Making as most of the devastating injuries befalling

football safer

            Ever since its’ introduction into the
American populace, football has become one of the most popular sports in
America. With every last moment coming down to the final quarter, anything is
poised to happen. Players are put up against each other to test their will and
might, are given simple tasks on both sides of the ball: either stop the
opposition from scoring touchdowns or score as many touchdowns as possible to
seal victory. As the sport’s popularity increases, the risk of injury has
greatened as football has become a more dangerous sport to play. There has not
been single football season where a player has not been out for a period time
with head related injuries, as most of the devastating injuries befalling
players in this day and age are injuries to the head from big hits. Riddell,
the company that manufactures football equipment for the NFL, have made it
their goal to create better equipment to better protect their players, however,
there have been an increase of head injuries each season, which calls for
speculation of faulty-mal-manufactured equipment. The NFL obviously sees this
problem, but are reluctant to comment, or do anything on the matter in fearing
of a decline from a business standpoint, and it can be noted that whenever a
claim, that is backed by evidence IS made, NFL executives call the information
presented “fraudulent”. However, one must still take into account that these
injuries are real problems, as past players have come out to share the problems
they have had after they had retired. Some dealing with depression, others
having suicidal thoughts, all caused by CTE, which is a neurodegenerative
disease that is the product of repeated blows to the head. It is for this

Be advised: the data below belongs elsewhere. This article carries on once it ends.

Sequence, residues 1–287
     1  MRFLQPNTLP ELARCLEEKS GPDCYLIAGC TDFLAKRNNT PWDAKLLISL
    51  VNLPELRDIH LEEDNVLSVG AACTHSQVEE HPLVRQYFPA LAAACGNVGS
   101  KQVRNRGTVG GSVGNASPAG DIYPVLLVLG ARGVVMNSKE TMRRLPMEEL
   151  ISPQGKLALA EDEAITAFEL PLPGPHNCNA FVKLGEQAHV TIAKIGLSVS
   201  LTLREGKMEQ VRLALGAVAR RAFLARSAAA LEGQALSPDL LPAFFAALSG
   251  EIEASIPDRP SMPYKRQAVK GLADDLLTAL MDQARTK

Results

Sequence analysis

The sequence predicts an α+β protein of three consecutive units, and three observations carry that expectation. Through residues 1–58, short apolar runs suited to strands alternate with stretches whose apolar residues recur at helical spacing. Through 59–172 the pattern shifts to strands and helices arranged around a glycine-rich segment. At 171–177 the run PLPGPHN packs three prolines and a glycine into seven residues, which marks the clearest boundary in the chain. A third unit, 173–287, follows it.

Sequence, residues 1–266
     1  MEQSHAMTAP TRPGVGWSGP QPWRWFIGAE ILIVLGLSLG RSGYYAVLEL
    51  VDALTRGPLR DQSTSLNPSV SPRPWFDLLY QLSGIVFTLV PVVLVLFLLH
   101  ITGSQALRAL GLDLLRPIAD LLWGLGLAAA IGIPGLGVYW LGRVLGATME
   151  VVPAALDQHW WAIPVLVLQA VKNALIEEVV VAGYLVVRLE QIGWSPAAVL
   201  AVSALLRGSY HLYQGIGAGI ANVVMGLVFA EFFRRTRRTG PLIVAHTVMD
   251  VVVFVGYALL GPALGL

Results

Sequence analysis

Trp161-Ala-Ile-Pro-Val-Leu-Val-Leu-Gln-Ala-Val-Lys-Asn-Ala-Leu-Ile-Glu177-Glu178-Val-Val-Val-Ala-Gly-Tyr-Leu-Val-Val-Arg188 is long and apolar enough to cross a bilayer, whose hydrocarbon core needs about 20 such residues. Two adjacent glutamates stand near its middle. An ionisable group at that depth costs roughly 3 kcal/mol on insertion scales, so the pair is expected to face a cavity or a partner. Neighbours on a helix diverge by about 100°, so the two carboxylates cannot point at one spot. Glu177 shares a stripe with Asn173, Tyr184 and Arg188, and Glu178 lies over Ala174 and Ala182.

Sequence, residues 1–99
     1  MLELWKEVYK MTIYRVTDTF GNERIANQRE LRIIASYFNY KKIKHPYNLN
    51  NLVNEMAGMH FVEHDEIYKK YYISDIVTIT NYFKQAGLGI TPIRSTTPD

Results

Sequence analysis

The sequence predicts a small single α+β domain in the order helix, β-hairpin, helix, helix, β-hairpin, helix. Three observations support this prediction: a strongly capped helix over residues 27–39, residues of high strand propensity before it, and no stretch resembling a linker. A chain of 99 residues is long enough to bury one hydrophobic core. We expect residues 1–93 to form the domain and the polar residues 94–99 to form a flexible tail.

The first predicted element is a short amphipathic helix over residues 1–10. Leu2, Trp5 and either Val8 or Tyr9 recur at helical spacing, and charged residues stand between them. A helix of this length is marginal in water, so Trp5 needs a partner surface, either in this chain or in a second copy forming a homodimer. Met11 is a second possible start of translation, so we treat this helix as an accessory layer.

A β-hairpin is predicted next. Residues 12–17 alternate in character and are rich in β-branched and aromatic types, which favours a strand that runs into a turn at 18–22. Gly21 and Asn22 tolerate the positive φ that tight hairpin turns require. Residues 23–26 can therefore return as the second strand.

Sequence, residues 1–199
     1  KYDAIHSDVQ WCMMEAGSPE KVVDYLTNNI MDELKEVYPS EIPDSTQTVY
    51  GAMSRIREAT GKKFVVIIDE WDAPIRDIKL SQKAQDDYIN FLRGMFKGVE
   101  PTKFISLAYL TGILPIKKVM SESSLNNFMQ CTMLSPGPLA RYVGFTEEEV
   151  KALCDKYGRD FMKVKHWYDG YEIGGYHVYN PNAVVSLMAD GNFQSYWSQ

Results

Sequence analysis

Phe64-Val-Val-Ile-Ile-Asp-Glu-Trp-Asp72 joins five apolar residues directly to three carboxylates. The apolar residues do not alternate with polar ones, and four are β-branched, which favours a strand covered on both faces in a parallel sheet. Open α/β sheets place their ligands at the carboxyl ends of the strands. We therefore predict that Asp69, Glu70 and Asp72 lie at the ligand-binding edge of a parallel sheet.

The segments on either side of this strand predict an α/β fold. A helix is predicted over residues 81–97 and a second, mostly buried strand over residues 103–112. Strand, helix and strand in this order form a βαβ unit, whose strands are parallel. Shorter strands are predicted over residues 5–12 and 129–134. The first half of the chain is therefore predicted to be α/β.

reason that the NFL should increase their funding in creating
better-manufactured equipment, built to withstand these monstrous blows, and to
overall create a safer environment for current players, and for players in the

            As I stated before, this subject of players’
safety has been juggled around the league, and various researchers have put
time and effort into examining the reasoning of this increase of players
injuries to the head. As I have stated before with recent claims,with all these
problems arising in the league with player safety, I give reasons as to why
players should be better equipped to play the game, and gave reasons as to why
the NFL should increase their funding into player equipment as a whole, and I
even went about giving a way the NFL could do this. I made my point clear: The
NFL should increase their funds in player equipment while decreasing funds in
things that are not as important to the game of football as whole, business
wise. That way, the NFL is not losing funds entirely, and are able to put money
into matters that they feel are important. While I was conducting my secondary
research in order to complete my report, it was clear to see whether the
previous research done on this topic was sufficient enough to cover all aspects
of players safety. The research I had found gave definitions of the specific
problems that players were dealing with, such as depression, and suicidal
thoughts, and gave reasons as to why the NFL chooses not to be involved in the
research these organizations are conducting. However, in the research I had
conducted, none questioned what the NFL could do fund-wise to help alleviate
the situation. Even though the previous research gave sound examples of the
methods of how players could be safer on the field, and also gave examples of
the certain troubles past players had, they did not  mention anything that
the NFL could do in relation to funds that could help improve player safety. It
is for this reason that I decided to delve into further research as to whether
or not increased funding for the improvement of NFL equipment would be accepted
by the football populace.

as described before, is a neurodegenerative disease that results from repeated
blows to the head, common in football players and boxers. Symptoms include,
dementia, memory loss, confusion, and mood swings. During CTE, a protein called
Tau forms clumps which spread throughout the brain, killing important brain
cells used to keep memory, and other functions of the brain in tact. The person